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Dictionary of the History of Ideas

Studies of Selected Pivotal Ideas
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Analogy, in its broadest sense, comprehends any mode
of reasoning that depends on the suggestion or recog-
nition of a relationship of similarity between two ob-
jects or sets of objects. It includes not only four-term
proportional relationships of the type A:B::C:D (for
which the Greek term is ἀναλογία), but also both
explicit and implicit comparisons, for example the use
of models (παραδείγματα) and of images (εἰκόνεσ). In
early Greek thought analogies played a fundamental
role in the expression of cosmological doctrines, in the
development of natural science, and in ethical and
political arguments.

The three most important types of images used in
cosmological theories are (1) political and social, (2)
vitalist, and (3) technological, in which, roughly speak-
ing, the cosmos is conceived as a state, as a living being,
and as an artifact respectively.

1. Political and Social Images. The use of political
and social concepts is widespread in pre-Socratic
cosmology. The idea of cosmic order as a balance of
power between equal opposed forces goes back to
Anaximander, who describes the relation between cer-
tain cosmic factors in legal terms: “They pay the pen-
alty and recompense to one another for their injustice
according to the assessment of time.” Heraclitus, on
the other hand, stresses the constant war and strife
between opposites: “One must realize that war is com-
mon and justice is strife and everything happens
through strife and necessity” (frag. 80). But both
Parmenides in the Way of Seeming and Empedocles
in his poem On Nature revert to the idea of a cosmic
balance of power. In Empedocles, for example, Love
and Strife are equals: they gain the upper hand in the
world in turn, and these alternations are governed by
a “broad oath,” that is, by some sort of contract be-
tween them.

Anaxagoras and Diogenes of Apollonia use a third
type of political model, ascribing supreme power to
a single cosmic principle, and Plato similarly attributes
supreme power to Reason which governs and arranges
all things for the best. Superficially this last group of
images resembles the traditional descriptions of Zeus
as supreme god; but there is this fundamental differ-
ence, that the philosophers ascribe supreme power not
to a capricious deity, but to the principle of order and
rationality itself, to Mind or Reason or, in the case of
Diogenes, to Air, thought of as the seat of intelligence.
These authoritarian images too, like the egalitarian
ones of Anaximander and Empedocles, serve to express
the idea of cosmic order, although they do so from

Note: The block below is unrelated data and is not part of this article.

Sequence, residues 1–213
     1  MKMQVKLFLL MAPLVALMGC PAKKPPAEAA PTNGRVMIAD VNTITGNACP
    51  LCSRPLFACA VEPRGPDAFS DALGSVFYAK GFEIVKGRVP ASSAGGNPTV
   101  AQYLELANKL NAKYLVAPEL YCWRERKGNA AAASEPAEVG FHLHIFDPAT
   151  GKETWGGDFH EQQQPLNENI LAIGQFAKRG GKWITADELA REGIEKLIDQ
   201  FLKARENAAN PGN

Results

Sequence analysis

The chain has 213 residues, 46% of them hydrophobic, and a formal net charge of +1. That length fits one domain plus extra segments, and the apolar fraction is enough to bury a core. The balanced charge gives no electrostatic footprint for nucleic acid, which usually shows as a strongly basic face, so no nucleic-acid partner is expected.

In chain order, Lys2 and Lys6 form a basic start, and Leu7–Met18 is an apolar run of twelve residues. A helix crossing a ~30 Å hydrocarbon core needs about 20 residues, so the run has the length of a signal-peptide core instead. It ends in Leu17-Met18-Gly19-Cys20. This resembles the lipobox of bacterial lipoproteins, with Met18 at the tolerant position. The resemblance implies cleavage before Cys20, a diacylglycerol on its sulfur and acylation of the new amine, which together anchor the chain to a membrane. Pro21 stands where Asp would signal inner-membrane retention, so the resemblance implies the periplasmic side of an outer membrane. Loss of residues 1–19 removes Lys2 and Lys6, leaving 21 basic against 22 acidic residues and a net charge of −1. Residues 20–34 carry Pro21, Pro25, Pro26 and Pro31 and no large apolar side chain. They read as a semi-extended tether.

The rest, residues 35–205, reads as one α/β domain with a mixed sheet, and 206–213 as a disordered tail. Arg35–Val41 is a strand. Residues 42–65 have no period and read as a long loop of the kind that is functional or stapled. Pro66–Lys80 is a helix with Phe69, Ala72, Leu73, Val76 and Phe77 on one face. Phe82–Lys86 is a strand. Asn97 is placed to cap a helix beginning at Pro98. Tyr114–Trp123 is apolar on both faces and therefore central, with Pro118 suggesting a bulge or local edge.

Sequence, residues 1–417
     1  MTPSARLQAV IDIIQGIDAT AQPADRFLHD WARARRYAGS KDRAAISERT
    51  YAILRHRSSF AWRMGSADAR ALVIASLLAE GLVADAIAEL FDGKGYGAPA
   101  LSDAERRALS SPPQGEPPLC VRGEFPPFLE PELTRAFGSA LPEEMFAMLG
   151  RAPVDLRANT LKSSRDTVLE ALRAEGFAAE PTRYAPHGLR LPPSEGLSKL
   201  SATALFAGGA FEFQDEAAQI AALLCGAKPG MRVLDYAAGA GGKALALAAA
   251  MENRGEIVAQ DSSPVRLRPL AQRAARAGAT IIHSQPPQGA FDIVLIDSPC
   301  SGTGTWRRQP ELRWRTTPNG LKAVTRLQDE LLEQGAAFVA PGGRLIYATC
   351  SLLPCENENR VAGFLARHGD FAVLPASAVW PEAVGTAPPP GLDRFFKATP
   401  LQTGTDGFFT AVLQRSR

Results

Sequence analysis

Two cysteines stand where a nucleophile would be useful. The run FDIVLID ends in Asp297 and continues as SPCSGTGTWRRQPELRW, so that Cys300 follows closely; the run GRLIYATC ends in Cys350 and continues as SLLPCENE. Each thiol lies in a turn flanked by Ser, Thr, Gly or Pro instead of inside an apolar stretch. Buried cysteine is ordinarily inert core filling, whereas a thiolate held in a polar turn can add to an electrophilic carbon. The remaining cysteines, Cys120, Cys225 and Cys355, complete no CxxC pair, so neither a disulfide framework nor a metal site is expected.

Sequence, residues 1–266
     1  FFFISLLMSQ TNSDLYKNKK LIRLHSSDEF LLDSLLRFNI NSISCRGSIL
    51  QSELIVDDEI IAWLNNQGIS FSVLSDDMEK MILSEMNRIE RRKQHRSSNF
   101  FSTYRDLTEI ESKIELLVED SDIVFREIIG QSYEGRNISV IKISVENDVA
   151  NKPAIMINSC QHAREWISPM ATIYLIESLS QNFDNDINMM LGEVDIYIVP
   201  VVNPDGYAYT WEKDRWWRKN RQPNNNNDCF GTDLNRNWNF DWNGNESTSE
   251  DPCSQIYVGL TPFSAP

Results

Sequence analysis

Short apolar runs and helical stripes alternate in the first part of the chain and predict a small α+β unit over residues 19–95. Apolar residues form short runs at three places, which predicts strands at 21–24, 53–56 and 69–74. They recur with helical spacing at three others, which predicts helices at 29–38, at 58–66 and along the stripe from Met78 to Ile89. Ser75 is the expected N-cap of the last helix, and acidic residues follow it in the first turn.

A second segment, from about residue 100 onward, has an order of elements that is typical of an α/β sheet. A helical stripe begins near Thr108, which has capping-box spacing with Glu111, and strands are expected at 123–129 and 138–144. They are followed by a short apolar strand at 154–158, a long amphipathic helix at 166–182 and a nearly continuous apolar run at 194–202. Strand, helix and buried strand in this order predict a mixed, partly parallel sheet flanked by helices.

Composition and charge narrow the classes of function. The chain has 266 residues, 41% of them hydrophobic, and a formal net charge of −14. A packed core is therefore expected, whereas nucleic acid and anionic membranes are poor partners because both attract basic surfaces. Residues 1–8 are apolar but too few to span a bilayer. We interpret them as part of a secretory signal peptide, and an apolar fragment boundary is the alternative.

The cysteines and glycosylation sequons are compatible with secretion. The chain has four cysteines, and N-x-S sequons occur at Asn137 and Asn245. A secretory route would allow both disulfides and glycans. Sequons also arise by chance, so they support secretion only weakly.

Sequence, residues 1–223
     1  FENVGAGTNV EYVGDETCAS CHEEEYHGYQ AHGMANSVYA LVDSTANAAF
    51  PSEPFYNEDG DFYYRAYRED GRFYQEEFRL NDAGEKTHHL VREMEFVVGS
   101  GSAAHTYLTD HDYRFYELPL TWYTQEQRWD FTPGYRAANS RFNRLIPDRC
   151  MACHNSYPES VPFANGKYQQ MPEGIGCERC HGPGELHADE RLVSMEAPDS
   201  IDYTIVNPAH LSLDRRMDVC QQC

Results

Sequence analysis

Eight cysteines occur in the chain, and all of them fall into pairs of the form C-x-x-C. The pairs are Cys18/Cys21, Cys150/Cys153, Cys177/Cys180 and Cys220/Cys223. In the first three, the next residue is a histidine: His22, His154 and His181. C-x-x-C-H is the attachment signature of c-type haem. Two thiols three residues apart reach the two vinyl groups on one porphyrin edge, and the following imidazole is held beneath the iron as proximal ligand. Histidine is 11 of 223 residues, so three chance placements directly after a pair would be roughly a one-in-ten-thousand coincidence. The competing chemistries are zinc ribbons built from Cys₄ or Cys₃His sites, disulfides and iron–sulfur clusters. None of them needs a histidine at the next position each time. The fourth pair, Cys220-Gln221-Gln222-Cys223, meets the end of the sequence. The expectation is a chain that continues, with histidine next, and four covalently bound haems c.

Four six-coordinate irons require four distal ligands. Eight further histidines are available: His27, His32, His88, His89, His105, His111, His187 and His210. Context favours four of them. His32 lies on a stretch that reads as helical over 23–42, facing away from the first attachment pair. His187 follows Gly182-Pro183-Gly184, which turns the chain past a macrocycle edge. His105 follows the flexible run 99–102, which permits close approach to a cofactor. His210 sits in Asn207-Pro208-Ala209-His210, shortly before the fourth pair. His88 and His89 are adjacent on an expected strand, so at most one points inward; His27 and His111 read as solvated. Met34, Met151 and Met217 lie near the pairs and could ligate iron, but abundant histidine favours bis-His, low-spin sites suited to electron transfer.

a different point of view and with different associations.

All these philosophers describe the cosmos in terms
of a concrete political or social situation, whether of
a balance of power and equality of rights, or of constant
war and aggression, or of benevolent, authoritarian
rule. Plato's antidemocratic, authoritarian political
inclinations are echoed in his descriptions of Reason
as a supreme, benevolent cosmic ruler, but the evi-
dence concerning earlier philosophers is too scanty to
allow us to determine how closely their cosmological
images tallied with their particular political ideologies.
However, there are two ways in which their images
may be related to their historical and social back-

First, the development of the Greek city-state from
about the seventh century B.C. was accompanied by
an increasing political awareness and a new conception
of political rights. In particular the framing of consti-
tutions and the codification of laws led to a much less
arbitrary administration of justice than had been the
case in earlier periods. These changes had their coun-
terparts in the political images used by the cosmolo-
gists; varied as those images are, they have in common
the notion that cosmological changes are governed by
rules that are independent of the caprice of individuals.
The development in the attitude towards justice in the
city-state is reflected in the development of Greek
cosmology itself, since it was largely by means of the
ideas of law and justice that the pre-Socratic thinkers
expressed the notion that the changes affecting the
primary substances in the world are orderly and regu-
lated by immutable principles.

Secondly, the very variety of images and of the
cosmological doctrines themselves is significant. As in
the political sphere the rise of the city-state is accom-
panied by a proliferation of constitutional forms rang-
ing from extreme democracy to tyranny, the merits
of each of which were much debated, so similarly in
the field of speculative thought the philosophers felt
free to reject earlier ideas and to attempt to resolve